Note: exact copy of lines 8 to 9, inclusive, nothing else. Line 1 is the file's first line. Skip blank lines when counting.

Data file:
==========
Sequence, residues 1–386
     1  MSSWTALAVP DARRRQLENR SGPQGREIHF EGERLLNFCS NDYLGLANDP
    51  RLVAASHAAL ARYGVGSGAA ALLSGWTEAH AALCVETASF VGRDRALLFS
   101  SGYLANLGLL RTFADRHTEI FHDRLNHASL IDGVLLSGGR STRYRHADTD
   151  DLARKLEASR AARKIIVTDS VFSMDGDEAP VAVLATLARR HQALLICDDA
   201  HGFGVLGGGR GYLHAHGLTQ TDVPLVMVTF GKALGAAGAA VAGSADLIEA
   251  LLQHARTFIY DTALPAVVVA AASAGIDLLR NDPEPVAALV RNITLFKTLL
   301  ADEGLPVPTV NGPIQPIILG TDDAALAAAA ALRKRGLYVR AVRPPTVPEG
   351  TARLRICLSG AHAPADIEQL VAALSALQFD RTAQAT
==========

   301  ADEGLPVPTV NGPIQPIILG TDDAALAAAA ALRKRGLYVR AVRPPTVPEG
   351  TARLRICLSG AHAPADIEQL VAALSALQFD RTAQAT